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Chembiochem. 2005 May;6(5):860-5.

Malassezin, a novel agonist of the aryl hydrocarbon receptor from the yeast Malassezia furfur, induces apoptosis in primary human melanocytes.

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Center of Andrology and Dermatology, Justus Liebig-Universität, Gaffkystrasse 14, 35385 Giessen, Germany.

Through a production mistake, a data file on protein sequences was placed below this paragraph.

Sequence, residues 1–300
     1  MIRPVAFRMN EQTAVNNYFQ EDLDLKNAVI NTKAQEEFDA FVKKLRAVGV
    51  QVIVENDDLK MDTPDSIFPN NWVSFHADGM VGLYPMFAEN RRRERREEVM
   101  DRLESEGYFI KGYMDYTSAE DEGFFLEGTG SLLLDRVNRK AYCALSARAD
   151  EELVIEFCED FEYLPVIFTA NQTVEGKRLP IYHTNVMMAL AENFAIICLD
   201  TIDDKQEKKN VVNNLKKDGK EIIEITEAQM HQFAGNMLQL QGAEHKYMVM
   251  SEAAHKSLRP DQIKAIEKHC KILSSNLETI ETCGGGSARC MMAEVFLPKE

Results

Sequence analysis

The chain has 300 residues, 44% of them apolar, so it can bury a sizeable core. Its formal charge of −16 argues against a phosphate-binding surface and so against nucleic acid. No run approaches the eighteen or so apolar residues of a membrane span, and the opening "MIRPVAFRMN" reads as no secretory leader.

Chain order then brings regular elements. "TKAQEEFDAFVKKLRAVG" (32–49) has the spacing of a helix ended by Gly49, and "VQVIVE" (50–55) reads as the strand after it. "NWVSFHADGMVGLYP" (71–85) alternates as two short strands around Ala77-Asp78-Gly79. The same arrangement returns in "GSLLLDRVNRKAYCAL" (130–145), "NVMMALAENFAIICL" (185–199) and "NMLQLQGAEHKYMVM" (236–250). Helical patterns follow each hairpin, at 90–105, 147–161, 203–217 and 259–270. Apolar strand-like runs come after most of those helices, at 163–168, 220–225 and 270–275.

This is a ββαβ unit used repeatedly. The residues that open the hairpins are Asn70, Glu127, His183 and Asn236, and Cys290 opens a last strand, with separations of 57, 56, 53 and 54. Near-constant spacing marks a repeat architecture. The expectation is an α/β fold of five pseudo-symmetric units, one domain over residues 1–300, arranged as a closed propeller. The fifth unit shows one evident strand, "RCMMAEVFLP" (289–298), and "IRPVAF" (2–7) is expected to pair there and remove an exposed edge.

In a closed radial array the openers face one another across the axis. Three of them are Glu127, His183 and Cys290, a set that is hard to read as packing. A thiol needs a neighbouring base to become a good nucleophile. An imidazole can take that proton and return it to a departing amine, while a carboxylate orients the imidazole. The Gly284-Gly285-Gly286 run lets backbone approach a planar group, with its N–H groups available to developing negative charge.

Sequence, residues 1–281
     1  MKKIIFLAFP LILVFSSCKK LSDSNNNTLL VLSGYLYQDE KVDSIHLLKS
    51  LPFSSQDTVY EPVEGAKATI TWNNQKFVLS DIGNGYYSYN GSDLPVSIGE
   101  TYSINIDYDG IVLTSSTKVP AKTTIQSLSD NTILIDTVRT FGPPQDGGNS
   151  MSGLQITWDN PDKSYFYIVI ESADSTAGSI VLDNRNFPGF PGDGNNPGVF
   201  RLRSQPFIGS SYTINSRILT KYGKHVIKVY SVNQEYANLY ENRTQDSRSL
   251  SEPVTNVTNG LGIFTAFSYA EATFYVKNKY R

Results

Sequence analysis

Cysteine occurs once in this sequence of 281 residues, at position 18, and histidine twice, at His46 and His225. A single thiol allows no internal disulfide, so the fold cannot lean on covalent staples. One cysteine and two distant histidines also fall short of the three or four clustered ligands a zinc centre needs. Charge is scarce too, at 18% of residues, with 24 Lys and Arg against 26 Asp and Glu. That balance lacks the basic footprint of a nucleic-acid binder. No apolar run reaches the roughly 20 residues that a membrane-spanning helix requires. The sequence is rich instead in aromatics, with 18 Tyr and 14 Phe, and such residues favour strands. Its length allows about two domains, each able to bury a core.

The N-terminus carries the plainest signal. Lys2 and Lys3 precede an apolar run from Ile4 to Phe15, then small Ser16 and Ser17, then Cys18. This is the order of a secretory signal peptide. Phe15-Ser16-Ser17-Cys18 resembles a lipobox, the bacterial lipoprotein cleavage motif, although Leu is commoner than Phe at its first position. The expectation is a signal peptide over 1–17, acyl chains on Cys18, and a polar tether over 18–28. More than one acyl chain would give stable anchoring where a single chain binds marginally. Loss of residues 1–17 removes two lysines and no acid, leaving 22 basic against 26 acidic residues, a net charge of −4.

Pityriasis versicolor is the most common skin mycosis in humans worldwide. Yeasts of the genus Malassezia, particularly M. furfur, a saprophyte occurring widely on human skin, are generally regarded as the causative agents. Pityriasis versicolor is often accompanied by a long-lasting depigmentation that persists even after successful antimycotic therapy. M. furfur is able to convert tryptophan into a variety of indole alkaloids, some of them showing biological properties that correlate well with certain clinical features of pityriasis versicolor. This suggests a possible role for these compounds in the depigmentation process. We now report that human melanocytes undergo apoptosis when exposed to the crude mixture of tryptophan metabolites from M. furfur. The active compound was identified as malassezin, previously isolated by us from the same source and characterized as an agonist of the aryl hydrocarbon (Ah) receptor. The compound could, therefore, contribute to the marked depigmentation observed during the course of pityriasis versicolor.

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